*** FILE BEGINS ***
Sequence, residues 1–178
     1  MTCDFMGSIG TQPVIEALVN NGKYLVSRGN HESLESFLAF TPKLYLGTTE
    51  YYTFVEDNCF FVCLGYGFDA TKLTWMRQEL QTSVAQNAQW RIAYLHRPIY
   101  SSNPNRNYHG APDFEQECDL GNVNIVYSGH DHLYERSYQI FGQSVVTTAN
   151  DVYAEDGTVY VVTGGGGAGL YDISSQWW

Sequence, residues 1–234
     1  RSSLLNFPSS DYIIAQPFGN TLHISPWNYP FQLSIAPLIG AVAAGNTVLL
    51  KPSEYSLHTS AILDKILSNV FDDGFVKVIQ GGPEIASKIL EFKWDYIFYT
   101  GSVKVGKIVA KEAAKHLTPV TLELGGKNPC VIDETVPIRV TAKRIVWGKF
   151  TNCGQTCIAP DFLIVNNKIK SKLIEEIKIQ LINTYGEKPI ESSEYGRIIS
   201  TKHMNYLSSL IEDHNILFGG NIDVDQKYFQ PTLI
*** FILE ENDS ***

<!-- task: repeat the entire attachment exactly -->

Sequence, residues 1–178
     1  MTCDFMGSIG TQPVIEALVN NGKYLVSRGN HESLESFLAF TPKLYLGTTE
    51  YYTFVEDNCF FVCLGYGFDA TKLTWMRQEL QTSVAQNAQW RIAYLHRPIY
   101  SSNPNRNYHG APDFEQECDL GNVNIVYSGH DHLYERSYQI FGQSVVTTAN
   151  DVYAEDGTVY VVTGGGGAGL YDISSQWW

Sequence, residues 1–234
     1  RSSLLNFPSS DYIIAQPFGN TLHISPWNYP FQLSIAPLIG AVAAGNTVLL
    51  KPSEYSLHTS AILDKILSNV FDDGFVKVIQ GGPEIASKIL EFKWDYIFYT
   101  GSVKVGKIVA KEAAKHLTPV TLELGGKNPC VIDETVPIRV TAKRIVWGKF
   151  TNCGQTCIAP DFLIVNNKIK SKLIEEIKIQ LINTYGEKPI ESSEYGRIIS
   201  TKHMNYLSSL IEDHNILFGG NIDVDQKYFQ PTLI